"People are becoming more active," said Norma Jean Knollenberg, owner and CEO of Top Brands Inc., "and combined with a push toward wellness among companies, that makes recreation and sporting merchandise an ideal fit for almost any program. As the health and wellness push continues to stay strong, many individuals are becoming more active, and merchandise such as bikes, tents, hiking poles and fishing equipment promote active lifestyles."

Nearly half—49.4 percent—of all Americans were involved in outdoor activities in 2012.

—The Outdoor Foundation's
"2013 Outdoor Recreation Participation Report"

Even better, when people get active in the sport or activity of their choice, they're not the only ones who get to reap the benefits. "Healthy employees benefit companies with lower insurance premiums, so including this type of merchandise benefits the corporation as well as the participant," Knollenberg said.

"Health and wellness have been the most exciting trends in the industry," Cavallari said. "Fighting childhood obesity and getting adults more active is an important topic of conversation with key clients. Having healthier employees and possibly lowering the cost of medical care is a winning scenario."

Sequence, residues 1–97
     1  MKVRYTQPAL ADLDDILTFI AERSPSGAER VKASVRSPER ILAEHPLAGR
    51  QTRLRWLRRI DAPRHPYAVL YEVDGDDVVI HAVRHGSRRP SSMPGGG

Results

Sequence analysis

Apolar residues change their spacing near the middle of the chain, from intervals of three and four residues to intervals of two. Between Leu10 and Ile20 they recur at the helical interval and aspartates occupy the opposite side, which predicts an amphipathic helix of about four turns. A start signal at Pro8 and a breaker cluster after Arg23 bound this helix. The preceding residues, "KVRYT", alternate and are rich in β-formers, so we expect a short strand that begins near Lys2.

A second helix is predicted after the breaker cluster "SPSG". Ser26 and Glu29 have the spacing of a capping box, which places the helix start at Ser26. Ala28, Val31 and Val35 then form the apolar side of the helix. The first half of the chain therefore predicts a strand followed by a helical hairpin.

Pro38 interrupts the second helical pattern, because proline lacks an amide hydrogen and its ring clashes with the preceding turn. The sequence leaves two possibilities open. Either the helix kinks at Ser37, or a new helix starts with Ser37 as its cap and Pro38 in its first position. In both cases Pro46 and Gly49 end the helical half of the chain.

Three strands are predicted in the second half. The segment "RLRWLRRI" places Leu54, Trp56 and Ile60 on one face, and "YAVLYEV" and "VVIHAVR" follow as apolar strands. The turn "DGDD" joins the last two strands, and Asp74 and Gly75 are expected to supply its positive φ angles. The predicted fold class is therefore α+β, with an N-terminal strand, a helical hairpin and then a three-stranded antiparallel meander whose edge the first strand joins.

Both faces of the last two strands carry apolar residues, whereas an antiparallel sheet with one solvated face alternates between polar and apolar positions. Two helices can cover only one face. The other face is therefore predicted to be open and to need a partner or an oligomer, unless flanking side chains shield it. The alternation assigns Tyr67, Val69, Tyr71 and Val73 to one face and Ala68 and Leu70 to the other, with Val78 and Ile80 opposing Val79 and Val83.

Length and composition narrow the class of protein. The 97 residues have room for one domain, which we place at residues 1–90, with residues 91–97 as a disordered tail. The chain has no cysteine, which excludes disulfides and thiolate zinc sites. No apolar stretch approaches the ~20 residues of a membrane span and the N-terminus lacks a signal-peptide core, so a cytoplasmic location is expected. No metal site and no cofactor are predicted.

Weaver explained that for many companies working on wellness, rewards are given to employees for engaging in specific health-plan-related activities, such as taking health risk assessments. "They do the kinds of things just to try to keep tabs on people and get them to do the things that, unfortunately, are difficult to get them to do," he explained.

"Many wellness programs that reward participants incorporate merchandise in this category, as it's almost all geared toward keeping people active—which means a healthier workforce," Knollenberg said. "Pedometers are a common item in such programs, but there are other items directly connected to exercise and fitness that would work well."

The points awarded for such programs and activities tend to be on a lower scale—not necessarily enough for something like a bicycle or a kayak, but more for accessory-type items, which are just as necessary to participants in such activities. "We see a lot of things like bike accessory items: helmets, pumps and pairs of bike gloves," Weaver said.

"Sports and recreations—whether indoors or out—have long provided inspiration, both from professional athletes doing outstanding things and from the casual participant striving to better themselves," Knollenberg added. "So it makes sense to tie the incentive and reward mix in with so many positive feelings and connotations. Now more than ever, as screen time eats up ever-larger portions of our work and play, people can be motivated to do their best by providing them a reward that will get them moving or just having fun."